Unlike on Friday, when Barguil, the least heralded of the nine riders contesting the finale that day, sprang what proved to be his winning move with a little over 1,000 metres left, today he decided to go early on the final ascent.
As he fiddled with a shoe with a couple of kilometres left on today’s stage, apparently suffering from cramp, it had seemed that the game was up as Uran pulled back what had been a 30-second deficit with just the last kilometre to ride.
But Barguil fought to get on his wheel and succeeded, and despite Nerz and Huzarski closing rapidly, managed to follow Uran’s sprint for the line and beat him in a photo finish – although from his reaction on crossing the line, it was clear the Argos-Shimano rider knew he had got the win.
Warren Barguil on the podium (© Unipublic/Graham Watson)
Following hs win today, Barguil revealed that he'd been ill yesterday and had in defied team orders to go on the attack this afternoon.
"Today, I was told to stay calm," he confessed. "But I was impatient to go ahead.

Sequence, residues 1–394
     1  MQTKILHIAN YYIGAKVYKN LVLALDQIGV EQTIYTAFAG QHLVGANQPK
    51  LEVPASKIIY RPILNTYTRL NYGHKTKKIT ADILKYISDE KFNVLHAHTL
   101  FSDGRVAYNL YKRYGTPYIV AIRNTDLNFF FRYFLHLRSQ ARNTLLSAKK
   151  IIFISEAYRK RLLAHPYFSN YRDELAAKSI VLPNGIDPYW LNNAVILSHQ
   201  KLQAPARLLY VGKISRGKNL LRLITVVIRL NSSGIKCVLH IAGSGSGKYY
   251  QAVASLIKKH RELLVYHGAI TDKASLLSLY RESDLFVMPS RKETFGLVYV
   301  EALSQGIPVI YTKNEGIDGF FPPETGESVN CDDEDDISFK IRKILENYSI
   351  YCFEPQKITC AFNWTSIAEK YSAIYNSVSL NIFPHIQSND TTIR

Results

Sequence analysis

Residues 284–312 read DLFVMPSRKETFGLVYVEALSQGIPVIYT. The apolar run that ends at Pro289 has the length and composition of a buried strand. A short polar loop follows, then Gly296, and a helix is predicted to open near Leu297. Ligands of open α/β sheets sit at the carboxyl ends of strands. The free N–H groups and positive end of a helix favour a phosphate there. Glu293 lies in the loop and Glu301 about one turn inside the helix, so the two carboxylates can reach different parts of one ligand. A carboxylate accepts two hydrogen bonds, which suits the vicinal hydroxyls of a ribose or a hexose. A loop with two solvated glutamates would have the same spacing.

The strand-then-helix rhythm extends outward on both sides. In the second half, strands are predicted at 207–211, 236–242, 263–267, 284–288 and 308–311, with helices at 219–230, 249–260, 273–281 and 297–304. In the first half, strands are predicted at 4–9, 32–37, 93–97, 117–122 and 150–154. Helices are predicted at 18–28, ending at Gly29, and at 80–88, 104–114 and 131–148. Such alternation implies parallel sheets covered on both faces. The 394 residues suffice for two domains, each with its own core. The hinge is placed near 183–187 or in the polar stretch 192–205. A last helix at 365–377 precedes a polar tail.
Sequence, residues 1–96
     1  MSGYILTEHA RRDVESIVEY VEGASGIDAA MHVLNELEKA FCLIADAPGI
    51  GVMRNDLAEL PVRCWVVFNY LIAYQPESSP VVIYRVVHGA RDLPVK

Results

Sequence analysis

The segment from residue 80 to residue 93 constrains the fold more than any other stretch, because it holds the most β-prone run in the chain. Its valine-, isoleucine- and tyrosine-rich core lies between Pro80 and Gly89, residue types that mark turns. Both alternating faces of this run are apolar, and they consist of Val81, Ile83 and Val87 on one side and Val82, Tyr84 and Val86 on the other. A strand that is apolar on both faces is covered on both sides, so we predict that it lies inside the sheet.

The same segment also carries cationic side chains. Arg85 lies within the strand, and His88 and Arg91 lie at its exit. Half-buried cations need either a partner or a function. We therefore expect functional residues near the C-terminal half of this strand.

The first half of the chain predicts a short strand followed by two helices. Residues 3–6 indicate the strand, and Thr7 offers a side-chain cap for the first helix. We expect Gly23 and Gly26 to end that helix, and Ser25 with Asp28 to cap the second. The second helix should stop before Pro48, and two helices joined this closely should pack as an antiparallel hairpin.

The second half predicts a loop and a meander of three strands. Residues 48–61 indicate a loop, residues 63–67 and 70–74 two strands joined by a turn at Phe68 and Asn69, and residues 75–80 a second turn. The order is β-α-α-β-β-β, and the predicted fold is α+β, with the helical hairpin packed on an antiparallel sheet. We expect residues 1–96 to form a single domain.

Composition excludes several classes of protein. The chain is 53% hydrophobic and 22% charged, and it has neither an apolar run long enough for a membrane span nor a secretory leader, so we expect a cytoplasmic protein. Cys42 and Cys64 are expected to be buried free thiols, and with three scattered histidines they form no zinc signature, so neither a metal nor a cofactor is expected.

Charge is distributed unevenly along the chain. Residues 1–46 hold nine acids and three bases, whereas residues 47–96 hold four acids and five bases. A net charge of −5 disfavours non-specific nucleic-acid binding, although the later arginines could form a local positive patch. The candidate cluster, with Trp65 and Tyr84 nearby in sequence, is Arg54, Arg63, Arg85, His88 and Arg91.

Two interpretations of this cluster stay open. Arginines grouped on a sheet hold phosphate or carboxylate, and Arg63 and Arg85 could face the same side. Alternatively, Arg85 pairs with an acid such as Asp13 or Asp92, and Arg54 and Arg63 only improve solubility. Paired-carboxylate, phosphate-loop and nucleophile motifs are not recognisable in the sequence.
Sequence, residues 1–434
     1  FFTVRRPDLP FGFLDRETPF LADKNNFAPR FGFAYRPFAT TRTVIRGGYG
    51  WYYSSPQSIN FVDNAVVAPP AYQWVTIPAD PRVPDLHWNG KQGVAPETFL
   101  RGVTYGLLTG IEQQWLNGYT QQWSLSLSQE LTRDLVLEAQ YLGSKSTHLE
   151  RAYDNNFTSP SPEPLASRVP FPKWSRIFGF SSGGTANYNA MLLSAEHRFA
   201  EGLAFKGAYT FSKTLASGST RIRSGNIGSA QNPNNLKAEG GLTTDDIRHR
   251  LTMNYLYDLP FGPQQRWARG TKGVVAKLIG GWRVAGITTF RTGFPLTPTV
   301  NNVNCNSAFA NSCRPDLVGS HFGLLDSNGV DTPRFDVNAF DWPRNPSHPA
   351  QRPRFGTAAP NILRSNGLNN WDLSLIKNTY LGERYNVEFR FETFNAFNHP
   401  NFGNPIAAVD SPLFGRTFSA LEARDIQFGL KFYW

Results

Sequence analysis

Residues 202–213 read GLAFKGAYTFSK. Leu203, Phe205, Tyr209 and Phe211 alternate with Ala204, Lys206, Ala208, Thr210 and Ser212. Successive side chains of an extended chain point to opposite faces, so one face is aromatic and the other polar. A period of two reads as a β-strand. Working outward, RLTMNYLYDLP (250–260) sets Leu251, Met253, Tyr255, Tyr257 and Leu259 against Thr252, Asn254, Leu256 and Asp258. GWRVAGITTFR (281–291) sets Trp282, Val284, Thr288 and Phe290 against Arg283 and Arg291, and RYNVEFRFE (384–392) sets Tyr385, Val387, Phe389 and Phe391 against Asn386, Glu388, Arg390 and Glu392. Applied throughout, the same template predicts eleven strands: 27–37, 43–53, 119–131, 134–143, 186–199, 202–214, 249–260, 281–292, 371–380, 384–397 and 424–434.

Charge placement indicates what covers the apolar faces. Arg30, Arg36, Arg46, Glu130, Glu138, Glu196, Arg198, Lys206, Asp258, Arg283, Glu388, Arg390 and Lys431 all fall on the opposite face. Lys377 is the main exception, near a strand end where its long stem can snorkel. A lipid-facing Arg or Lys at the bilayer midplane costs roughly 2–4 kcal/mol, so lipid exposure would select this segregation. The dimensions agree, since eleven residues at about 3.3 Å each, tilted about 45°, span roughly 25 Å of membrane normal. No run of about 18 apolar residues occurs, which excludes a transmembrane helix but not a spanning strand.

"When I was alone in the lead in the final climb, Uran came across and attacked me straight away.
"It was a mental game for me to stay at his contact. For the sprint, I maneuvered him well. It came from my experience of losing a race against [ex-junior world champion] Olivier Le Gac in similar conditions last year.
"It’s been tight. Even with one stage win under my belt, my desire to win was intact. It’s super!"
The enormity of his achievement - two stage wins in his first Grand Tour, at the age of 21 - has yet to fully sink in, however.
"I’m yet to realize that I’ve won one stage at the Vuelta. I don’t believe it. When I’ll go back home, hopefully on Monday – it would mean that I’ve reached my first goal, which is to complete the Vuelta – I’ll realise what I’ve done: two stage wins, or maybe more… I’ll try once more and we’ll see how it goes."